Fadlo had studied at what later became the American University of Beirut and settled in Manchester as a cotton merchant. His family had converted from Eastern Orthodoxy to Scottish Presbyterianism and his father became an elder of the local church in Manchester. Hourani himself, in turn, converted to Catholicism in adulthood. He ended his academic career as Fellow of St.
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Albert Hourani studies the way in which ideas about politics and society changed during the nineteenth and the first half of the twentieth centuries, in response to the expanding influence of Europe. His main attention is given to the movement of ideas in Egypt and Lebanon. He shows how two streams of thought, the one aiming to restate the social principles of Islam, and the other to justify the separation of religion from politics, flowed into each other to create the Egyptian and Arab nationalisms of the present century.
The last chapter of the book surveys the main tendencies of thought in the post-war years. Since its publication in , this book has been regarded as a modern classic of interpretation.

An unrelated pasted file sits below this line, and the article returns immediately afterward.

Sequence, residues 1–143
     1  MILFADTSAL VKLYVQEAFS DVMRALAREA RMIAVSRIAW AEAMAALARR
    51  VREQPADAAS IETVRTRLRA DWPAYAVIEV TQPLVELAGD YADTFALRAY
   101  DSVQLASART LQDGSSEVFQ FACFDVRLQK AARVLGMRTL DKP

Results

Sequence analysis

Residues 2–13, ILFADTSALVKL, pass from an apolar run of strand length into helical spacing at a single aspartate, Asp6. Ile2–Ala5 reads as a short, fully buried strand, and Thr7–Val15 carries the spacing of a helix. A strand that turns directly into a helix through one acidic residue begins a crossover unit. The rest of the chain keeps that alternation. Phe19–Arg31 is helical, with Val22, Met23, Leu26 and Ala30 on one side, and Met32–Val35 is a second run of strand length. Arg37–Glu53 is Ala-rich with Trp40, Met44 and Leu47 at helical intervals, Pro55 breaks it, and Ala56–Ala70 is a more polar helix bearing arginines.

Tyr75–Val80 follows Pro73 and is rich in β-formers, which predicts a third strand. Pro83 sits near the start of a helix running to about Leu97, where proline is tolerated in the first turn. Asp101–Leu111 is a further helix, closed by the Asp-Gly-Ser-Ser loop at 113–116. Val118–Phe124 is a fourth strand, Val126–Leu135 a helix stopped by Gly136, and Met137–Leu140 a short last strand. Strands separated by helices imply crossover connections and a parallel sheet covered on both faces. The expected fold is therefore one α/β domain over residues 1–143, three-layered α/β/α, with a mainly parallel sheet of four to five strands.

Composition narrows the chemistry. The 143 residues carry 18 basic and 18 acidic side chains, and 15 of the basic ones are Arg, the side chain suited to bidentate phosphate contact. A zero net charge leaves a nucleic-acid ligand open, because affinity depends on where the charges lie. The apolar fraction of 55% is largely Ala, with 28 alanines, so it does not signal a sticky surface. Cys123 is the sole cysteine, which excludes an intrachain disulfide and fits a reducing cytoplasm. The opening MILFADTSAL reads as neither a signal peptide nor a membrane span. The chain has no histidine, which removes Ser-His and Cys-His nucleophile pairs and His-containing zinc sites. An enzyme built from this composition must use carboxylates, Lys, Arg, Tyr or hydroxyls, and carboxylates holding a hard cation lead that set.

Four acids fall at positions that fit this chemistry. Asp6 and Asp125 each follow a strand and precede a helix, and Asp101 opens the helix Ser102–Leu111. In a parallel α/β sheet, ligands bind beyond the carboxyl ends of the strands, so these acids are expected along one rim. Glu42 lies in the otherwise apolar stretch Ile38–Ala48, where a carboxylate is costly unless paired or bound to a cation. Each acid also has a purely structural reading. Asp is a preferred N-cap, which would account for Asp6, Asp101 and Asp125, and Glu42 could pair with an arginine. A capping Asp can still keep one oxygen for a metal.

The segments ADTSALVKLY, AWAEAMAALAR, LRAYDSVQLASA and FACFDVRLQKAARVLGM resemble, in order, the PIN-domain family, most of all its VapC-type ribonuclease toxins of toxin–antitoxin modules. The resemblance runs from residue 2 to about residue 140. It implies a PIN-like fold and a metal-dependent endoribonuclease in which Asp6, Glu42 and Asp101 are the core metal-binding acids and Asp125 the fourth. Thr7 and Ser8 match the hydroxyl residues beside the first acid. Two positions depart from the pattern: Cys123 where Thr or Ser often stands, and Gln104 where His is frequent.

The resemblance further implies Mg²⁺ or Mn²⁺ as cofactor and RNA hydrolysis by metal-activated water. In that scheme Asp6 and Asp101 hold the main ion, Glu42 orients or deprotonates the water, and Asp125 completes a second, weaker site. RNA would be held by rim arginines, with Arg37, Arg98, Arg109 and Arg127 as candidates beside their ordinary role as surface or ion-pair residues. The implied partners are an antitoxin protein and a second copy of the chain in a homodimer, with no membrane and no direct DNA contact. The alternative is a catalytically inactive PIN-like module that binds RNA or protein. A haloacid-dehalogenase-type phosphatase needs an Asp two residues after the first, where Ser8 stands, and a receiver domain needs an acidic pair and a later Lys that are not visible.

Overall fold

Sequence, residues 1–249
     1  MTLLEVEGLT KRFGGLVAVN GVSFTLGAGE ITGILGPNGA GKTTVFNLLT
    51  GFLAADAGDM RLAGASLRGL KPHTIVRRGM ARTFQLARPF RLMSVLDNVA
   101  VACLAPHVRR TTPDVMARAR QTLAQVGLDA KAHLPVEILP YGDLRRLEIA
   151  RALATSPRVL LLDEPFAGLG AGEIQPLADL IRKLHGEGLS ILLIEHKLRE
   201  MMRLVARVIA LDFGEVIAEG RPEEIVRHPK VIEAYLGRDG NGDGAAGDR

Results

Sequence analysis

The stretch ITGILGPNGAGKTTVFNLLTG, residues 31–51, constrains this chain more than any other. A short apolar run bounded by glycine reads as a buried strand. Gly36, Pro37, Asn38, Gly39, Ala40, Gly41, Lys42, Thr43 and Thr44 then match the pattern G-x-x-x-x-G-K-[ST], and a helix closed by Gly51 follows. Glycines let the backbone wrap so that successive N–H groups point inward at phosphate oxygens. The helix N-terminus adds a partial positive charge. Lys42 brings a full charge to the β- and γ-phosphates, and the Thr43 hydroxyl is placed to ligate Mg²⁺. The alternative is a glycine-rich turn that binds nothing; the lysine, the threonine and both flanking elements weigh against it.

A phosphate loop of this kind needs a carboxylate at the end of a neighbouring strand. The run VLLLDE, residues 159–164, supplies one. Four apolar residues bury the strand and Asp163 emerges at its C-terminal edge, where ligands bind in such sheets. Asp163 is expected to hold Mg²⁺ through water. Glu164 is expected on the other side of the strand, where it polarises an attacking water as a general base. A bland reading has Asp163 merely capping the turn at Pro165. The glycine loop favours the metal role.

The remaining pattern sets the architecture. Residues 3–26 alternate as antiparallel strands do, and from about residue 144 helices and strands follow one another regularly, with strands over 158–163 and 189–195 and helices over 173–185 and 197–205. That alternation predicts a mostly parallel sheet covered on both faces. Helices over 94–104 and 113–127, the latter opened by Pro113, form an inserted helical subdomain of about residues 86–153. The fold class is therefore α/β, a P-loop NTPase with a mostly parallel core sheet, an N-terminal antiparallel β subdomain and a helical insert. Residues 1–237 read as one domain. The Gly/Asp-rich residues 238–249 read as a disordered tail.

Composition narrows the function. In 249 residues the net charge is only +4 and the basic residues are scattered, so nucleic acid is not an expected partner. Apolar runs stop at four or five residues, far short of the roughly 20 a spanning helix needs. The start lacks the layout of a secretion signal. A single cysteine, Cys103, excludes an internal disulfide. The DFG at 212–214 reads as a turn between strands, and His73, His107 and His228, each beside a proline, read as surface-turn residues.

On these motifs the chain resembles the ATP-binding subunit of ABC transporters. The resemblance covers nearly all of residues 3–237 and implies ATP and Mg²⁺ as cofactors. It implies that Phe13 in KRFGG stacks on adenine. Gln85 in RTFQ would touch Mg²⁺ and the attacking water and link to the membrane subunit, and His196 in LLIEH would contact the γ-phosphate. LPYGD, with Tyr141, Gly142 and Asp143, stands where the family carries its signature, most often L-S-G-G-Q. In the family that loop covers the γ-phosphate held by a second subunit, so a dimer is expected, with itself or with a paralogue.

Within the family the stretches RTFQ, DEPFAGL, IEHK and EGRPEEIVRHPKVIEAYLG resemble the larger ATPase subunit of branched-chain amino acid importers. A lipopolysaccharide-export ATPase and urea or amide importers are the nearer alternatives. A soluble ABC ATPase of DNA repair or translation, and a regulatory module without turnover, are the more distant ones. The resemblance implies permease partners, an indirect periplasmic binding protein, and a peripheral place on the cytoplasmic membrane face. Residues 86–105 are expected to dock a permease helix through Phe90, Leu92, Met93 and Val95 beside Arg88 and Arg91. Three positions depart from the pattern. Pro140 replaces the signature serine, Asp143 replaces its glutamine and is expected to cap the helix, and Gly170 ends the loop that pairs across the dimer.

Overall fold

It was reissued by the Cambridge University Press in and has subsequently sold over copies. Excerpt This is not a general history of modern Arabic thought. It is a study of that stream of political and social thought which began when, in the first half of the nineteenth century, educated men in the Arabic-speaking countries became aware of the ideas and institutions of modern Europe, and, in the second, started to feel its power. In order to revive the forces of their own society, what should they and what could they take from the west?
Once they began to borrow, in what sense would they remain Arabs and Muslims? I have tried to show how such questions became articulate and some of the answers given to them. I have not tried to include everything, but to select what best seemed to illustrate my theme: I have dealt more fully with early than with later formulations, more with what was written in Cairo and Beirut, the centres of Arabic thought, than elsewhere.
I have laid my main emphasis on the writings of a small number of thinkers who seemed to me more worth studying than the others, and tried to give enough details of their lives and the world in which they lived to make clear why they posed their problems in the way they did.
I should like to express my deep gratitude to institutions and persons who have helped me. My greatest debt is to the President and Fellows of Magdalen College, Oxford, who elected me to a research fellowship and so made it possible for me to start the process of thought and study which has led, after much delay, to this book.
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Arabic Thought in the Liberal Age, 1798-1939